Drugs and Alcohol Quiz
What are the three main problems / issues caused by alcohol and drug abuse on the job?
- Fatalities and accidents
- Loss of production
WHY IS IT RIGHT
DRUG AND ALCOHOL ABUSE
Drug and alcohol abuse lead to workplace accidents,
Despite the numerous safety protocols at the workplace, 40% of all industrial workplace fatalities are caused by substance abusers. And individual who is inebriated or hungover has decreased productivity and alertness. This means workplace accidents are more likely to happen. Workplace accidents caused by inebriation or a hangover is five times more likely to injure someone. Substance abusers are ten times more likely to miss work, negatively impacting themselves and others by jeopardizing their jobs, their health and safety as well as co-workers.
The rate of positive drug tests rose by double digits in five of 16 major U.S. workforce industry sectors from 2015 to 2017, according to a recent analysis done by researchers at Quest Diagnostics
Drinking and drugging among U.S. workers create costly medical, social, and other problems that affect both employees and employers.
EFFECTS OF ALCOHOL AND DRUG ABUSE
Using drugs impairs decision-making abilities and physically impairs people. This is a deadly concoction when on the job. In fact, 10-20% of American workers who die at work have a positive result when tested for drugs or alcohol.
Substance abusers may:
- Have poor work performance.
- Frequently call out of or arrive late to the workplace.
- Frequently change workplaces.
- Struggle with productivity.
- File for workers’ compensation claims and benefits.
In addition to deaths and accidents, absenteeism and loss of production, other problems that alcohol and drug abuse can cause on the job include:
- Tardiness/sleeping on the job
- Hangover or withdrawal affecting job performance
- Poor decision making
- Loss of efficiency
- Lower morale of co-workers
- Increased likelihood of having trouble with co-workers/supervisors or tasks
- Preoccupation with obtaining and using substances while at work, interfering with attention and concentration
- Illegal activities at work including selling illicit drugs to other employees
- Higher turnover
- Training of new employees
- Disciplinary procedures
COSTS OF SUBSTANCE ABUSE
- Health insurance claims
- Loss of productivity
- Employee morale issues
Drug and Alcohol users:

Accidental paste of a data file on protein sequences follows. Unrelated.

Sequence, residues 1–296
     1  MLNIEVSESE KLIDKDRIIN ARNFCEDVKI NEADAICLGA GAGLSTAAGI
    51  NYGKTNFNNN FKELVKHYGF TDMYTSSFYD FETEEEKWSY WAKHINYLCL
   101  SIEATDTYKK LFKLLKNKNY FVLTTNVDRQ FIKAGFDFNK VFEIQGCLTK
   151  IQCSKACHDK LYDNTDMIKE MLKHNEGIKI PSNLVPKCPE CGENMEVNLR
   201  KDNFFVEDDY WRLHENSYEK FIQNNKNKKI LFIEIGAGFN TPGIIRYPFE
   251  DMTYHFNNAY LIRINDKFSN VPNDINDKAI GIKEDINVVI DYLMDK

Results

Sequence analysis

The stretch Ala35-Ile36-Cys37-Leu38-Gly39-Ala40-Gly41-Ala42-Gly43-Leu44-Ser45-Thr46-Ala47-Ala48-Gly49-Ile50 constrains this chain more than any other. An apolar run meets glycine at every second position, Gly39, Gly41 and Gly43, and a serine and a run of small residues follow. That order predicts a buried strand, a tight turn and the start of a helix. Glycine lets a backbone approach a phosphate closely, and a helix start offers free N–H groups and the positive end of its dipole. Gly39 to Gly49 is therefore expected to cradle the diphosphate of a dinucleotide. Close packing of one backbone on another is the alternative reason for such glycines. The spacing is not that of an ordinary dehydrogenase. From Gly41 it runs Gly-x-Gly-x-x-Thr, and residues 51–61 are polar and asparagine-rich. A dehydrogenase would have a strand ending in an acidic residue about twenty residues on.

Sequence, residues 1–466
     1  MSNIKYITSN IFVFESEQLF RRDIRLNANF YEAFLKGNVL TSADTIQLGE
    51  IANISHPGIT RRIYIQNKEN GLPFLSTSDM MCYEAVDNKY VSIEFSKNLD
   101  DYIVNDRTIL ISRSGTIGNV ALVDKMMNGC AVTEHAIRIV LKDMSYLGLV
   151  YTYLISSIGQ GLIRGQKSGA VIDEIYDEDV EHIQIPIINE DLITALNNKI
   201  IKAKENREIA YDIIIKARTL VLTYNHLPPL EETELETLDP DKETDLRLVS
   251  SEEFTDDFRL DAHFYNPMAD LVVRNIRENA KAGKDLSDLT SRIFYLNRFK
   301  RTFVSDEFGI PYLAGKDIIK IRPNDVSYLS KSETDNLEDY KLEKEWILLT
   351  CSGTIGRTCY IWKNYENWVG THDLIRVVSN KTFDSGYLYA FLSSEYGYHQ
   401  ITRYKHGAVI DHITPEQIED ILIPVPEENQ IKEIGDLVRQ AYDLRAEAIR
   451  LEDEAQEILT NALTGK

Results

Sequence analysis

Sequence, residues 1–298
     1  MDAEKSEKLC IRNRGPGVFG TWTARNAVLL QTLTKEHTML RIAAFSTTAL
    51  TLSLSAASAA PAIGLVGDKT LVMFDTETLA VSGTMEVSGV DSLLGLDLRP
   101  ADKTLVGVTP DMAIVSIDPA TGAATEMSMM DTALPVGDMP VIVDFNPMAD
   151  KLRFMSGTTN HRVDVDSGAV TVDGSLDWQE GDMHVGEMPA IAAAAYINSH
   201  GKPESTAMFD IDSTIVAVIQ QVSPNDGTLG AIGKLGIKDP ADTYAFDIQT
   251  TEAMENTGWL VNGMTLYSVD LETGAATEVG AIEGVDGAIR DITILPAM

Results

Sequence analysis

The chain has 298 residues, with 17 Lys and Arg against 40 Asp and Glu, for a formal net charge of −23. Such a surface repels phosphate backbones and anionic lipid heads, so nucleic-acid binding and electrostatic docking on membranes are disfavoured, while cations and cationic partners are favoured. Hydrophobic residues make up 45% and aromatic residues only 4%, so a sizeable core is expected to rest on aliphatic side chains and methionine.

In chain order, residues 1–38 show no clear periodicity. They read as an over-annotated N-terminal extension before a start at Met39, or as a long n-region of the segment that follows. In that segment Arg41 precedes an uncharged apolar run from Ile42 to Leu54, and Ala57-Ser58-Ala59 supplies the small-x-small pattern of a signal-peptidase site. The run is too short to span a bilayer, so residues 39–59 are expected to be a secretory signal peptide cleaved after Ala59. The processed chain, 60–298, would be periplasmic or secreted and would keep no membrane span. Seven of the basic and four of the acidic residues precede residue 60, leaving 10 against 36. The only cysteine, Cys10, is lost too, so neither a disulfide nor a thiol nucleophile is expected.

- Are far less productive.
- Use three times as many sick days.
- Are more likely to injure themselves or someone else.
- Are five times more likely to file a worker’s compensation claim.
Factors Contributing to Employee Substance Abuse
Factors that can encourage or discourage workplace substance abuse include:
- Workplace culture and acceptance of drinking/drugging
- Workplace alienation
- Availability of alcohol and drugs
- Existence and enforcement of workplace substance abuse policies
The culture of the workplace can play a large role in whether drinking and drug use are accepted and encouraged or discouraged and inhibited. Part of this culture can depend on the gender mix of employees.
In predominantly female occupations research shows that both male and female employees are less likely to have substance abuse problems compared to employees of both genders in male-dominated occupations.
How the Effects of Alcoholism Differ in Men
Studies have found that male-dominated occupations create heavy drinking cultures in which employees drink to build solidarity and show conformity. Therefore, these occupations have higher rates of alcohol- and drug-related problems.
Any industry or organization can be affected by workplace alcoholism, but research shows it is prevalent in these industries: food service, construction, mining and drilling, excavation, installation, maintenance, and repair.
Research shows that the job itself can contribute to higher rates of employee substance abuse. Work that is boring, stressful or isolating can contribute to employees’ drinking. Employee substance abuse has been linked to low job autonomy, lack of job complexity, lack of control over work conditions and products, boredom, sexual harassment, verbal and physical aggression, and disrespectful behavior.
The availability and accessibility of alcohol can influence employee drinking.
More than two-thirds of the 984 workers surveyed at a large manufacturing plant said it was “easy” or “very easy” to bring alcohol into the workplace, to drink at workstations, and to drink during breaks.
In cultures where alcohol is prohibited, drinking on the job and drinking, in general, is decreased significantly.
The level of supervision on the job can affect drinking and drugging at work rates. A study of evening shift workers, when supervision was reduced, found that employees were more likely to drink at work than highly supervised shifts.
Casual Drinkers Are a Problem
Research shows it is the social drinkers, not the hard-core alcoholics or problem drinkers, who are responsible for most of the lost productivity, according to a Christian Science Monitor article, specifically tying the hangover issue to production in the workplace.
WHY IS EVERYTHING ELSE WRONG
WHY PREVENTION WORKS
When the issue of workplace substance abuse is addressed by establishing comprehensive programs, it is a “win-win” situation for both employers and employees.
A study of the economic impact of substance abuse treatment in Ohio found significant improvements in job-related performance:
- 91% decrease in absenteeism
- 88% decrease in problems with supervisors
- 93% decrease in mistakes in work
- 97% decrease in on-the-job injuries
Companies and employers, large and small, can adopt a workplace substance abuse policy that will reduce the loss of productivity and provide a safer work environment for all.
OPPORTUNITIES FOR WORKPLACE PREVENTION
The workplace provides several potent opportunities for implementing AOD abuse prevention strategies, including:
- The majority of adults are employed, making the workplace an ideal setting to reach a large population.